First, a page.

Ubuntu, Dark Side of Simplicity

The following is my take on how the current passion for UI “simplicity” may be to blame for Unity, the downfall of Ubuntu as I’ve known & loved it. It’s wide-ranging, so I won’t be able to fully substantiate its every point, but if you simply click the area you’d like to know more about, I will wish that you were being shown detailed examples in support of my point. Many of the newly introduced usability issues in Unity are shared by Gnome3, so it seems that now is as good a time as ever for people who care to try to persuade some Linux distro to retain the high standard of developer usability we’ve become accustomed to.

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Steve Jobs broke my OS, and I don’t even use a Mac. It began about 10 years ago, around the time Jobs had re-joined Apple, and the software industry was smitten with building UI that had every button and link you could need. “If they might need it, why not include it?” seemed to be the effective rationale.

good-ole-days

Windows XP represented the pinnacle of the art; complete with a “Start” button, that, when clicked, exploded into two columns. These columns in turn had menu options like “All Programs” that could themselves balloon out to several more (overlapping) columns. In the case of the “All Programs” specifically, the user was treated to an unordered list of every program they had ever installed (often hundreds). It was so…terrible…yet quick to an advanced user (e.g., those that figured out how to sort it). For new users, well, you could probably figure out some of the basics within a week.*

But soon people began to decide this was arrangement was not ideal. Or even OK. I noticed this in full force with the release of the first iPhone. It was a device that was so stripped down that it didn’t include a feature (secure network access for business email) that would could have increased its user base significantly. It launched anyway, was quickly dubbed the “Jesus Phone,” and has managed to sell a couple gajillion units since.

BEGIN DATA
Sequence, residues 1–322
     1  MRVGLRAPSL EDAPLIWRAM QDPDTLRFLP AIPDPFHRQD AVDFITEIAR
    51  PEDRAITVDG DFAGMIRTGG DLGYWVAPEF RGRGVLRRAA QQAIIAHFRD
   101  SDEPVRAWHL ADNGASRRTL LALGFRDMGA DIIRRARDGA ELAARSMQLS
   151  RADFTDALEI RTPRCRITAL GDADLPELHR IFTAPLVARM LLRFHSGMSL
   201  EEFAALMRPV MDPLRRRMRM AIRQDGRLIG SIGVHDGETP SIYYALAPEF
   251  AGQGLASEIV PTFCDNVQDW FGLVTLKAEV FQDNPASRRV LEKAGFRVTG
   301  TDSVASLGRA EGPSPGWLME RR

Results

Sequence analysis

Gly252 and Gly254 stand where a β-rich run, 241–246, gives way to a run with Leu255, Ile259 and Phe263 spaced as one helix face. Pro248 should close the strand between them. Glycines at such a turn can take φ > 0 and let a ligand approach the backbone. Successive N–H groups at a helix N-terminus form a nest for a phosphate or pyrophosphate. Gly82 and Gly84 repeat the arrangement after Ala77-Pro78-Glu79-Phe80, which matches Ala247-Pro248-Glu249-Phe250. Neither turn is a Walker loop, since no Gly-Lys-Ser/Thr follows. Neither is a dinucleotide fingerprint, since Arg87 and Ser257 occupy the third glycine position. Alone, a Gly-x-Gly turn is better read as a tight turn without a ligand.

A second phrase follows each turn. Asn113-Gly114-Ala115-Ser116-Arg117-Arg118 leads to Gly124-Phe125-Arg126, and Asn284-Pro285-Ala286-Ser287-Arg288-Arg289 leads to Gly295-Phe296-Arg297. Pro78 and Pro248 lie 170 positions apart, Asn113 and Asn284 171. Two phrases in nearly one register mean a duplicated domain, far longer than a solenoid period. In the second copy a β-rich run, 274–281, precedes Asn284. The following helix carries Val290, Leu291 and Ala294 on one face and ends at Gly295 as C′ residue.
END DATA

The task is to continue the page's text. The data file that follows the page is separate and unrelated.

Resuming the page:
Gone forever were the days of “the most commercially successful” products were “the most feature-full” ones.

This evolution, which I’d pin as starting around 2006 (first iPhone) has continued expanding its base of believers to present day. Now, in addition to the set of Apple devices, the default aesthetic for web consumer products has become “huge buttons / huge text / nothing that requires reading.”

In the context of the web, I think that this growing obsession with simple UI is usually a great thing. Like it or not, our attention is fragmented and life’s too short to read the manual for a product that I simply want to entertain me (see: Twitter, Instagram).

The problem is when the momentum for this trend** pushes it out to use cases where it makes no sense. Sometimes, a detail-rich interface is required to get the job done efficiently. In the case where an app is used by novice and sophisticated*** users, a balanced curve of “level of detail shown to user” vs “user expertise level” might look something like this

balance_complexity1